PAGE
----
For example, an e-mail offer for a discounted travel package would bring the visitor directly to a landing page that reassuringly describes the offer in more detail and provides links to check availability and book the trip. It sounds simple enough, but put yourself in the visitor’s shoes and do a few Web searches of your own. You’ll be surprised at how many merchants still aren’t using landing pages.
Creating a successful landing page isn’t difficult, and you can easily experiment and learn as you go. First, decide on which page you’ll use as the landing page for a specific campaign. You may very well have an existing Web page that you can use (one that’s more specific than your homepage), but if you don’t, consider publishing a new landing page. If that’s the case, keep in mind these 7 best practices:
* Write a clear, concise, and compelling headline and offer copy that speaks to your audience’s problem. For example: “Bank fees got you down? Check out our no-fee guarantee!”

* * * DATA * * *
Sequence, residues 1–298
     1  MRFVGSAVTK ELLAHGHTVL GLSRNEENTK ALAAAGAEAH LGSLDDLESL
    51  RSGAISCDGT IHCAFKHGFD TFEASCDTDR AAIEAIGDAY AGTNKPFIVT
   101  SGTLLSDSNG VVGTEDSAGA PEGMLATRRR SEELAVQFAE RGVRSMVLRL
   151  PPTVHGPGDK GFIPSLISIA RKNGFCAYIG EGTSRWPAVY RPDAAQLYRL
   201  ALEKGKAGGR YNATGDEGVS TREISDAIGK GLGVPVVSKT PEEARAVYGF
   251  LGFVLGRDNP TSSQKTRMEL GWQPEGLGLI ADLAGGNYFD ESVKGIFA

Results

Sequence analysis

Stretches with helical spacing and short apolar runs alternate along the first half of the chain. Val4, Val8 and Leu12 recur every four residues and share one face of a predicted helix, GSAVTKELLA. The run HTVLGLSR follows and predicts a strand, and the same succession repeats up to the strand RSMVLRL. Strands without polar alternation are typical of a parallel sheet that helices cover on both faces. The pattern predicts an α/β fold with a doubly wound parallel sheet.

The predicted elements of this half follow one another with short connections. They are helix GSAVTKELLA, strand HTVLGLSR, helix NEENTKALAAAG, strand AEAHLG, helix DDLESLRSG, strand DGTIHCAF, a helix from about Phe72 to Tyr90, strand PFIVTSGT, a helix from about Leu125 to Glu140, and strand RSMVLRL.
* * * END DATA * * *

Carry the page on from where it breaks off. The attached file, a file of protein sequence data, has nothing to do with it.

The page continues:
* Include an image along with the offer for visual appeal.
* Reduce or eliminate navigation to keep visitors focused on the goal and reduce distraction.
* Keep the look and feel of your primary Web site so consumers will immediately recognize your brand.
* Don’t forget a compelling call to action that should tie in to the offer. For example, the copy for the no-fee banking offer above could have a call-to-action such as “Apply Now,” or “Sign-Up in 90 Seconds.”